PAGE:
We’ve all heard the old saying “April showers bring May flowers”, a well-intentioned phrase meant to bring an optimistic perspective to the dreary weather that April can commonly bring. However, in the world of work zones, April showers often bring accidents and dangerous conditions. As work zones and temporary traffic control (TTC) zones pop up across the country now that it’s spring, are you prepared for the potential dangers that the sporadic weather can bring?
Tips for keeping your work zone safe during rain
Here are five ways to keep your work zone and the workers within it, safe during inclement weather.
1. Wear proper gear.
Since rain obscures visibility for both those in the work zone with you and the drivers on the road, it’s imperative that road workers wear gear that increases their visibility and safety. This can include (but is not limited to):
- High-visibility/ reflective clothing. Officially, it doesn’t matter if it’s a bright, cloudless day or a torrential downpour, all workers in a temporary traffic control zone must wear high-visibility clothing. According to the Manual on Uniform Traffic Control Devices (MUTCD),
“All workers, and emergency responders, within the right-of-way who are exposed either to traffic or to work vehicles and construction equipment within the TTC zone shall wear high-visibility safety apparel…”
- Footwear with tread & gloves with grip. Rain makes things slippery. Wearing shoes with extra tread will help prevent falls and slips, and wearing gloves with a slip-proof grip will make it easier to hold traffic control signs and tools in the work zone.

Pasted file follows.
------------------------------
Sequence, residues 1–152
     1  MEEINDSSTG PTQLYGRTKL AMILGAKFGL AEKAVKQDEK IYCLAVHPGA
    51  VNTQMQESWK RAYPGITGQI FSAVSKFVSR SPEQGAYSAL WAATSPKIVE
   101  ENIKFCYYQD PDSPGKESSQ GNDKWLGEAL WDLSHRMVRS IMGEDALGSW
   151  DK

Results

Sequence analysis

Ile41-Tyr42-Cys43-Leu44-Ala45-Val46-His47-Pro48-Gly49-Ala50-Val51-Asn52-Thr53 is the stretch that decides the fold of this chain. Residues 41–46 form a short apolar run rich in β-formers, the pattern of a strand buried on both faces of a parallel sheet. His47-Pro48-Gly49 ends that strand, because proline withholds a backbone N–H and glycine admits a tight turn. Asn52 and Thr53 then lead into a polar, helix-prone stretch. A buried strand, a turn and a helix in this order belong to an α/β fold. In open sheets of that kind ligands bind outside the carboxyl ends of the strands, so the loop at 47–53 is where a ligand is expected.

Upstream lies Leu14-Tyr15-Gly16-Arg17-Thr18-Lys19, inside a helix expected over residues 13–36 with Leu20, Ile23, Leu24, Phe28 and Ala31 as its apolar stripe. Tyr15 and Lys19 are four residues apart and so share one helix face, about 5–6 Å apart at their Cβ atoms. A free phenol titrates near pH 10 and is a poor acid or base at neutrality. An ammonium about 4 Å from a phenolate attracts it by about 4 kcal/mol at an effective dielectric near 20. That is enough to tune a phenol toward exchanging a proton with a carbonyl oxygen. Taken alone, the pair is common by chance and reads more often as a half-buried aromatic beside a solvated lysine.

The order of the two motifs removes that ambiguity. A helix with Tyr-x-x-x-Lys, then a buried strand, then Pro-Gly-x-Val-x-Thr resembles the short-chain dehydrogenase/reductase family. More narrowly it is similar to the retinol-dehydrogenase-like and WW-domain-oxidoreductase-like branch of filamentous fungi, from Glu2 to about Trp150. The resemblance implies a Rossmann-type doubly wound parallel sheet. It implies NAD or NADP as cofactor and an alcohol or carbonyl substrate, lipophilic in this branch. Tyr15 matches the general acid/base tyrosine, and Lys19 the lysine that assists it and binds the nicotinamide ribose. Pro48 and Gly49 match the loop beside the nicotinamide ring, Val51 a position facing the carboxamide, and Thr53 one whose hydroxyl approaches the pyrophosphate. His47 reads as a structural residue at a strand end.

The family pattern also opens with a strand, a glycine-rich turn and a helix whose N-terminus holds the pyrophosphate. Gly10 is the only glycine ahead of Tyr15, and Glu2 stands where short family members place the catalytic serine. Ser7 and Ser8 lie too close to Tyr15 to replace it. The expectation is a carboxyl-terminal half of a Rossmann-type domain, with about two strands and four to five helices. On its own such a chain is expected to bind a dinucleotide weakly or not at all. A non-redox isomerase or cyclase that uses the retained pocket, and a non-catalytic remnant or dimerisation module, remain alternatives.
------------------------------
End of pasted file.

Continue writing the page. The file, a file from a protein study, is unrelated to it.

- Rain gear. In rainy conditions, it’s ideal to wear proper rain gear like a rain jacket and pants. Wearing appropriate rain gear will keep workers comfortable, which in turn will keep them focused on the job at hand.
2. Use weather-proof equipment.
Now that you’ve got the proper apparel, you need to make sure that the equipment you use in your work zone or temporary traffic control zone is rain-ready. This might sound like common sense, but absolutely do not use any tools that are not rated for outdoor use in the rain. Using tools with extra grip can be very helpful in rainy conditions as well.
3. Don’t rush.
Working in a temporary traffic control zone in rainy weather can be challenging and uncomfortable. We get it. However, do not rush around the work zone in an attempt to get your work done faster. Like we mentioned above, rain makes things slippery. Moving quickly and without extra caution can cause slips, falls, and accidents, potentially putting yourself, your co-workers, and even drivers in danger.
4. Be extra aware of the drivers in the work zone.
You can’t control the drivers passing through your work zone or TTC zone, but you can control your awareness of what is going on around you. In rainy conditions, many drivers will be frustrated or anxious, and potentially unprepared to make the necessary adjustments to their driving to be safe. The Federal Highway Administration (FHA) recognizes that rain impacts visibility distance, pavement friction, and lane obstruction. Precipitation also influences vehicle performance and driver behaviors, like speed control.
5. Use an automated flagger assistance device (AFAD).
Rainy conditions present dangers to everyone in your work zone, but especially to flaggers. Flaggers are in a dangerous position even on the sunniest of days, but the risk of their job great increases in rainy conditions. Implementing traffic control devices, like an automated flagger assistance device, in your work zone takes flaggers off of the front lines and also provides increased visibility to drivers entering and exiting the work zone.
At IntelliStrobe, the safety of road workers is our number one priority. This is why we have dedicated ourselves to manufacturing industry leading AFADs to keep flaggers and those inside the work zone as safe as possible.
Contact IntelliStrobe to learn more about how you can help revolutionize work zone safety.